There's a touching passage in James Joyce's Ulysses -- let me pay homage to the inventor of the weblog and link to Jorn Barger's Joyce pages -- when Leopold Bloom is walking through Dublin on 16 June 1904, thinking in quick alternation, as he is prone to do, about his own miseries and about the immediate impressions on his sensorium:
Mr Bloom moved forward raising his troubled eyes. Think no more about that. After one. Timeball on the ballast office is down. Dunsink time. Fascinating little book that is of Sir Robert Ball's. Parallax. I never exactly understood. There's a priest. Could ask him. Par it's Greek: parallel, parallax.
"Dunsink" is the Dunsink Observatory, in what was then the outskirts of Dublin. The Ballast Office "timeball," atop the clock proper, would drop on the hour, enabling Dubliners and visitors to set their watches. Bloom notes it as he passes, but then his mind, prompted by other stimuli, moves on to other things. A few minutes later, though, he circles back:
Now that I come to think of it, that ball falls at Greenwich time. It's the clock is worked by an electric wire from Dunsink. Must go out there some first Saturday of the month. If I could get an introduction to professor Joly or learn up something about his family. That would do to: man always feels complimented. Flattery where least expected. Nobleman proud to be descended from some king's mistress. His foremother. Lay it on with a trowel. Cap in hand goes through the land. Not go in and blurt out what you know you're not to: what's parallax? Show this gentleman the door.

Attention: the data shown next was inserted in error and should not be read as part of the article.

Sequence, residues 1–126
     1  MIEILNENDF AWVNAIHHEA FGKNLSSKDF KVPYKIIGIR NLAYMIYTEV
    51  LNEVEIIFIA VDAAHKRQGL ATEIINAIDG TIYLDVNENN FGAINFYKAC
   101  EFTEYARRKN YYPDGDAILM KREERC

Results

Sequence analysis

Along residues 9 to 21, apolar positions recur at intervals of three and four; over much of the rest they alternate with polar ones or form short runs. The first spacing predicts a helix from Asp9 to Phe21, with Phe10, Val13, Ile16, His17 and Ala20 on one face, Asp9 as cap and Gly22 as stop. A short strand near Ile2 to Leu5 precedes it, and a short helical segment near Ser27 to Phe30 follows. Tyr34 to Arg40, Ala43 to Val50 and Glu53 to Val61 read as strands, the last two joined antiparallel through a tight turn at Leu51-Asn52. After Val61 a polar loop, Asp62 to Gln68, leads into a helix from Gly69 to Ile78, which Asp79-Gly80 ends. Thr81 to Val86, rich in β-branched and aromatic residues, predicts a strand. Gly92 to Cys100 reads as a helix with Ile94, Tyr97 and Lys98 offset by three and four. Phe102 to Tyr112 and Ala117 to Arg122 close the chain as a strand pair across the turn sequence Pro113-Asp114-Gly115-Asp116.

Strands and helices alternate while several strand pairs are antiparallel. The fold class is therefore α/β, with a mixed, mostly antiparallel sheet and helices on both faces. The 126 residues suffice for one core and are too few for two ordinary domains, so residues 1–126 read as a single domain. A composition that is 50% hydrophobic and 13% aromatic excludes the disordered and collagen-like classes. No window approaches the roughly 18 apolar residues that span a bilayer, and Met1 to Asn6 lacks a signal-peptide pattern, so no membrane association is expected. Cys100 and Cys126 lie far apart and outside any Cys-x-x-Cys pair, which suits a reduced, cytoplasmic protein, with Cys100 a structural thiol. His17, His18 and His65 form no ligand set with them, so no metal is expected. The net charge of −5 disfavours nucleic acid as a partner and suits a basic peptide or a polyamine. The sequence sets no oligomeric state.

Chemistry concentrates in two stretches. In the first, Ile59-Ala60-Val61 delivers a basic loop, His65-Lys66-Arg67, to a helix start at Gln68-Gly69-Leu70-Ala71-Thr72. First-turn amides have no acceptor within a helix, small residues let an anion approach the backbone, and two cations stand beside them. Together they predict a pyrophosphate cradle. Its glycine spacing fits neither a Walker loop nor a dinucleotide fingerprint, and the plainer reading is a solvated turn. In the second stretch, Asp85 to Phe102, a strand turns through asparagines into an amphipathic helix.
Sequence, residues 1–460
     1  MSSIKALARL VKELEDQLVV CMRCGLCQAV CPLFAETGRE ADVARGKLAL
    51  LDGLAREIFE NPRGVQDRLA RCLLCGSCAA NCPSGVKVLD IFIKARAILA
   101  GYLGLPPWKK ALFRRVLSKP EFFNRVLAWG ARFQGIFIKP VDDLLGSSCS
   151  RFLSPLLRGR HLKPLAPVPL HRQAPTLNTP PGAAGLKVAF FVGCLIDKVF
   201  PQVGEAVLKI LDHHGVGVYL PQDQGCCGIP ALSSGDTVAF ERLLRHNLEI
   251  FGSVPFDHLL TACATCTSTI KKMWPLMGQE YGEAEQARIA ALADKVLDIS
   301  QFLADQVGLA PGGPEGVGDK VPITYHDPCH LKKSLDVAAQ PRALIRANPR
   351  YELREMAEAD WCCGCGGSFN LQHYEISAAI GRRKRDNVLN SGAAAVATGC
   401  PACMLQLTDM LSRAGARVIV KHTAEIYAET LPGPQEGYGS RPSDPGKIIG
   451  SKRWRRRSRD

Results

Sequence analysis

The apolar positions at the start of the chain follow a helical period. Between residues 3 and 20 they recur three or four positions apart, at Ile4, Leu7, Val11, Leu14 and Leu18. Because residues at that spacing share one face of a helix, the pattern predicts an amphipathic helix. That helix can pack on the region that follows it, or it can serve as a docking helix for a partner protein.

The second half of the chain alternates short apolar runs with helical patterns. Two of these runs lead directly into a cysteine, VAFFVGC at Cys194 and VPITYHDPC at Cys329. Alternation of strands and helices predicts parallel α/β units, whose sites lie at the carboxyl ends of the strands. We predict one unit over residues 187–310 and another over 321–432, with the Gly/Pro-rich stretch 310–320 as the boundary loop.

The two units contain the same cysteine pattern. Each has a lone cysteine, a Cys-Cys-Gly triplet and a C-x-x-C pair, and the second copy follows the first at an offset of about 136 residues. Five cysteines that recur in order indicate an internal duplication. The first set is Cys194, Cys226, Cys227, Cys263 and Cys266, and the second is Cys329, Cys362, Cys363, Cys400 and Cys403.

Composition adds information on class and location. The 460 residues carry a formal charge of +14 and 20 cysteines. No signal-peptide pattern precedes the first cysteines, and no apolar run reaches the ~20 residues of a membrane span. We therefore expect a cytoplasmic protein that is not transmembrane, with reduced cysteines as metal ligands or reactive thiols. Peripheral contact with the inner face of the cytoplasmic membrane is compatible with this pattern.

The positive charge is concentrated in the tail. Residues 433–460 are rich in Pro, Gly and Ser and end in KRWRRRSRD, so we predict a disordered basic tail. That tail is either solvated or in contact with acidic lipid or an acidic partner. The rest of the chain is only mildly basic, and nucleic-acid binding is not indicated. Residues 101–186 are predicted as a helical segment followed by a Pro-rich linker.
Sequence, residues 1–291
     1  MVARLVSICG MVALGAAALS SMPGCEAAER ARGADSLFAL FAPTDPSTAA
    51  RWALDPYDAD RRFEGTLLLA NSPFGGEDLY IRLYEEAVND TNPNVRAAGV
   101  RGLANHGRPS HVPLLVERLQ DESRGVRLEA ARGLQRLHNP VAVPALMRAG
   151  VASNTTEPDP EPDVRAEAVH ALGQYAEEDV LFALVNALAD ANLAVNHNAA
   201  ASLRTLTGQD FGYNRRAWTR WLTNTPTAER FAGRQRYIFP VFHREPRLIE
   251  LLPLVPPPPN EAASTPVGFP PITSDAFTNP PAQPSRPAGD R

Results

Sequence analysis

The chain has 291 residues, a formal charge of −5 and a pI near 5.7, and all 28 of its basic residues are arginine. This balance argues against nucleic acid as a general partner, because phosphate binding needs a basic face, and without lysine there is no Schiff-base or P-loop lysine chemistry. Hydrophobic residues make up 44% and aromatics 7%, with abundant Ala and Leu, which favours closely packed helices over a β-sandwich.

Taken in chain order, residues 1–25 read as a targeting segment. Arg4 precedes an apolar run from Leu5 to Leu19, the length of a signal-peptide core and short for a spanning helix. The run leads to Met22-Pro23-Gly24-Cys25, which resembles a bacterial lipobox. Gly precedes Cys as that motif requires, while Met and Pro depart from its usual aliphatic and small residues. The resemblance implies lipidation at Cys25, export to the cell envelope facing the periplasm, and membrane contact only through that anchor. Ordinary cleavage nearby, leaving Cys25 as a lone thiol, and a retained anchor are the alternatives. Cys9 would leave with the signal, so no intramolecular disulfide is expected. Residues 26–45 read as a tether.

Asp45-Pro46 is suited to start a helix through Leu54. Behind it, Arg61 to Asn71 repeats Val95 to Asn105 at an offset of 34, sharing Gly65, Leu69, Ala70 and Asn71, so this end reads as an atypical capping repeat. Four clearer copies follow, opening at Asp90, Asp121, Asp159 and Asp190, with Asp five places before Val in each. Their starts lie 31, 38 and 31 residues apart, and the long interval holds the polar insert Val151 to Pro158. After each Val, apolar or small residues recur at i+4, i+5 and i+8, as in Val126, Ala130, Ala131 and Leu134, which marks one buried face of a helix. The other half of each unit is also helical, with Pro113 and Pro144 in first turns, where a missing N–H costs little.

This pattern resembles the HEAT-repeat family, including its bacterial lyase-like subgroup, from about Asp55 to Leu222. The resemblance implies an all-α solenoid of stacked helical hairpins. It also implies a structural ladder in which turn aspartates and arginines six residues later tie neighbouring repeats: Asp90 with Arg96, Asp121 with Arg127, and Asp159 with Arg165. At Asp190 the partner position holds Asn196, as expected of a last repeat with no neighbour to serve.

His hand fell to his side again.
Never know anything about it. Waste of time. Gasballs spinning about, crossing each other, passing. Same old dingdong always.
An irony: Bloom thinks he doesn't know what parallax is, but in a way he does: he's aware that Dunsink time is 25 minutes different from Greenwich time, and that's parallax. The angle of the sun in relation to one object (London) is slightly different than its angle in relation to another object (Dublin). The Ballast Office clock is on Dunsink time, but the timeball atop it was synchronized to Greenwich time because Dublin is a port city, and in 1904 sailors -- whose lives were governed by Greenwich time -- were in and out of the city all the time. Two times indicated on one object: parallax.
But the fancy Greek term throws Bloom. He is a very intelligent and deeply curious but poorly educated man, and doesn't even know whom he should seek out to help him, or how he might solicit help. ("If I could get an introduction to professor Joly or learn up something about his family.") It's all too discouraging. His hand drops to his side and he gives up: "Never know anything about it. Waste of time."